TOPEKA —As it faces continual controversy and lawsuits, President Donald Trump’s election integrity commission this week will host what its vice chair, Kansas Secretary of State Kris Kobach, said would be the first meeting of significant substance.

Trump created the commission in May and charged it with studying voting system vulnerabilities that could lead to fraud, as well as voter suppression and “other voting irregularities.” It meets again Tuesday in New Hampshire to hear presentations on turnout statistics, public confidence and the security of voting machines, according to the agenda.

The commission has drawn criticism and legal action from voting rights groups since its inception, and some states objected to its request for a trove of voter information. Kobach said he wants to “put facts on the table,” not recommend federal policy changes and brushed off claims that the commission was presenting biased information.

The commission’s second meeting comes with those legal battles active and as Kobach claims to have “proof” that election fraud swayed races in New Hampshire last fall.

Tuesday’s meeting will feature presenters from universities as well as some conservative presenters who favor strict voting requirements.

John Lott, president of the Crime Prevention Research Center, will present his own 2006 study that points to Mexican elections and claims that strict voting requirements actually bolster voter turnout.

Lott said he thought more voters would be willing to show up to the polls if they had more faith in the election system. He said he wasn’t sure whether widespread voter fraud existed, but suggested that voters should get background checks.

“Why not just use that for voters to see whether or not they’re American citizens or not?” Lott said.

In 2014, the Government Accountability Office reviewed 10 studies of turnout in U.S. elections. In five studies, voter ID requirements made no statistically significant difference in turnout. Turnout fell in four of the studies, and one found turnout rose. The same GAO report says turnout fell in Kansas and Tennessee after voter ID laws were put in place.

Tomas Lopez, counsel in the democracy program at the Brennan Center for Justice at New York University, said he feared the commission would “elevate” poor policy ideas.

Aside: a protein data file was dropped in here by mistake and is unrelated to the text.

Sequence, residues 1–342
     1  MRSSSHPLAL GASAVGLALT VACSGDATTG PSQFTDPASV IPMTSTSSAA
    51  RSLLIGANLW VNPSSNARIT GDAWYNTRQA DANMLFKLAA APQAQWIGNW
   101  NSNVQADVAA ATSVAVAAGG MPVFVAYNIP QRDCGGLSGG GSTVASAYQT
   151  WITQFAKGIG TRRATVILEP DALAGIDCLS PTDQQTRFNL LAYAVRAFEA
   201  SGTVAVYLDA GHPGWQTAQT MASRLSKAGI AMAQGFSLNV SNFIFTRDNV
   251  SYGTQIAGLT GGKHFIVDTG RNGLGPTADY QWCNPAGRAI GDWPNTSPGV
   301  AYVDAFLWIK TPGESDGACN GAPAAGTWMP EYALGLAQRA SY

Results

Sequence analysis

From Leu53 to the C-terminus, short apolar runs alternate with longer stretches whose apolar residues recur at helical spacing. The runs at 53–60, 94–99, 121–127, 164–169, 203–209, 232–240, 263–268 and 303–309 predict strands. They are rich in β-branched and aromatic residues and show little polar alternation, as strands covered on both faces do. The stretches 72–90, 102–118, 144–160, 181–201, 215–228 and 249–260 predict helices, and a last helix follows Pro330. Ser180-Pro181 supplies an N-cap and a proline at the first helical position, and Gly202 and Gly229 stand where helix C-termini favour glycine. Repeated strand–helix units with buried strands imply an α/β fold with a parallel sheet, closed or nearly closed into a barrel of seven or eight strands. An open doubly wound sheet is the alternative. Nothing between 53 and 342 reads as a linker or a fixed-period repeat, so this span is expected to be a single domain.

“This commission sprang from the president’s assertion that 3 to 5 million people voted illegally in this election, which we think is dubious,” Lopez said.

Andrew Smith, an associate professor of political science at the University of New Hampshire, said he would be presenting research on voter confidence and voter turnout and that Gardner had asked him to participate. He said New Hampshire’s turnout rate has increased and that policymakers should look at why people vote as a blueprint for increasing turnout. He said he thought there might be isolated cases of voter fraud, but not a significant problem.

Just days before the commission’s meeting, Kobach penned a column for the far-right Breitbart website, claiming “proof” that the U.S. Senate election — and maybe the electoral college vote — in New Hampshire was stolen by voter fraud. He pointed to more than 6,000 voters who registered and voted on election day with out-of-state driver’s licenses and 5,313 who never obtained a New Hampshire license or registered a car.

Later in the column, Kobach says it’s “highly likely that voting by nonresidents changed the result” of the 2016 race for one of New Hampshire’s U.S. Senate seats.

In an interview, Kobach conceded that some of those voters might be legal New Hampshire voters.

“We don’t know for certain yet,” Kobach said. “There’s still more information to be determined regarding those 5,300 votes, but it certainly is very concerning.”

In New Hampshire, voters only have to prove they are domiciled in the state to vote, and out-of-state college students can vote in the state. New Hampshire Secretary of State Bill Gardner, a Democrat who serves on the election integrity commission, said he did not agree with Kobach’s claims but remains on the commission despite calls for him to step down from New Hampshire’s Congressional delegation, according to WBUR radio.

Gardner did not return a request for comment.

Kobach said the commission would also look at the security of electronic voting machines against hacking. According to the Granite State Poll, sponsored by WMUR-TV, and conducted by the University of New Hampshire Survey Center, New Hampshire residents are more confident in paper ballots than electronic voting machines. Smith led the poll study.

Kobach said he thought getting information out there was the “number one public benefit” that could come out of the commission, not new federal regulation. He said, however, that he is just one vote.

“I’m not a fan of lots of federal regulation or federal statutes concerning elections,” Kobach said.